Boeing has suspended maintenance and technical support for Russian airlines and US energy firm Exxon Mobil said it would exit Russia, joining a growing list of Western companies spurning Moscow over its invasion of Ukraine.
Airbus also stopped sending spare parts to Russia and supporting Russian airlines, but said it was analysing whether its Moscow engineering centre could keep providing services to local customers under Western sanctions.
US tech giant Apple said it had stopped sales of iPhones and other products in Russia, while Ford joined other automakers by suspending operations in the country.
Western nations have steadily ratcheted up sanctions on Russia since it invaded Ukraine last week, including shutting out some Russian banks from the SWIFT global financial network.
The measures have hammered the rouble and forced the central bank to jack up interest rates, while Moscow has responded to the growing exodus of Western investors by temporarily restricting Russian asset sales by foreigners.
Russian firms, meanwhile, have felt increasingly squeezed. Sberbank Russia's largest lender, said today it was leaving the European market because its subsidiaries faced large cash outflows. It also said the safety of its employees and property was threatened.
Signalling there would be no let up from the West, US President Joe Biden said in his State of the Union address that his Russian counterpart Vladimir Putin "has no idea what's coming" as he joined European states and Canada in closing US airspace to Russian planes.
Japan Airlines and an ANA Holdings unit said they were considering routes that avoid Russia.
With international shippers such as Maersk, Hapag Lloyd and MSC suspending bookings to and from Russia, the country has become increasingly shut out of world commerce. Sanctions are also squeezing Russia's aviation sector.
Boeing said it was suspending operations as other aviation companies face growing European and US restrictions on dealings with Russia clients, affecting leasing planes, exporting new aircraft and providing parts.
Exxon said it would not invest in new developments in Russia and was taking steps to exit the Sakhalin-1 oil and gas venture, after similar moves to dump assets by Britain's BP, Russia's biggest foreign investor, and Shell.
However, French firm TotalEnergies stopped short of saying it would exit Russia, only saying it would not put in new cash.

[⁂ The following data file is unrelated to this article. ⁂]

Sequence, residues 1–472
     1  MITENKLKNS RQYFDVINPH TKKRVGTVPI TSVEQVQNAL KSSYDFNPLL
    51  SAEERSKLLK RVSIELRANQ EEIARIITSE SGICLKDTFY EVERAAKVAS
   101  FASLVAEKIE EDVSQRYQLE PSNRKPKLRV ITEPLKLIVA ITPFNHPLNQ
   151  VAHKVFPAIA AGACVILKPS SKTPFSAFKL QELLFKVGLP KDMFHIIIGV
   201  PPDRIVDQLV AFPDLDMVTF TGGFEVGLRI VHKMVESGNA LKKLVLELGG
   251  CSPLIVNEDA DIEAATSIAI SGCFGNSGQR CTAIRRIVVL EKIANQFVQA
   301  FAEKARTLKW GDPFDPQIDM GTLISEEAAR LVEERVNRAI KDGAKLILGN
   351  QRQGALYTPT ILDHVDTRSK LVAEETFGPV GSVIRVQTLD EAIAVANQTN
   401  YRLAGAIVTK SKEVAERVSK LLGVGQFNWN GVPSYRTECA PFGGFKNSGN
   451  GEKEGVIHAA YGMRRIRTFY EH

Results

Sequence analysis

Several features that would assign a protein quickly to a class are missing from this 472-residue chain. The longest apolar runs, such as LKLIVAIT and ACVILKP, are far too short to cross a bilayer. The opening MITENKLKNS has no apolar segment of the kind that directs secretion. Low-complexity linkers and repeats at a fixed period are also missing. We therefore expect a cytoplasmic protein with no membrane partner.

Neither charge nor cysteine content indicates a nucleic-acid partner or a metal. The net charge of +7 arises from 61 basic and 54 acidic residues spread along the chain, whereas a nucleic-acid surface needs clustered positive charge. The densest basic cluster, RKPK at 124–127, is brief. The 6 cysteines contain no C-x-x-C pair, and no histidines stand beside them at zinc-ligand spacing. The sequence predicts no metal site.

Apple, which halted sales in Russia, said it was making changes to its Maps app to protect civilians in Ukraine.
It also joined a growing chorus of Western companies openly condemning Russian actions.
"We are deeply concerned about the Russian invasion of Ukraine and stand with all of the people who are suffering as a result of the violence," Apple said.
"We deplore Russia's military action that violates the territorial integrity of Ukraine and endangers its people," Exxon said, while Ford said in its condemnation: "The situation has compelled us to reassess our operations in Russia."
Motor cycle maker Harley-Davidson suspended shipments of its bikes to Russia. Japan's Honda Motor said it suspended shipments of cars and motorcycles, while the Nikkei newspaper said that reported Mazda will suspend exports of auto parts to its plant in the country.
The increasing focus of investors in environmental, social and governance (ESG) issues has added pressure on companies to act swiftly in ending ties with Russia and Russian entities.
Big US technology companies said they were continuing efforts to stop Russia from taking advantage of their products.
Apple said it had blocked app downloads of some state-backed news services outside of Russia.
Google, owned by Alphabet, said it had blocked mobile apps connected to Russian state-funded publisher RT from its news-related features, including the Google News search.
Google also barred RT and other Russian channels from receiving money for ads on websites, apps and YouTube videos, mirroring a move made by Facebook.
Microsoft said it would remove RT's mobile apps from its Windows App store and ban ads on Russian state-sponsored media.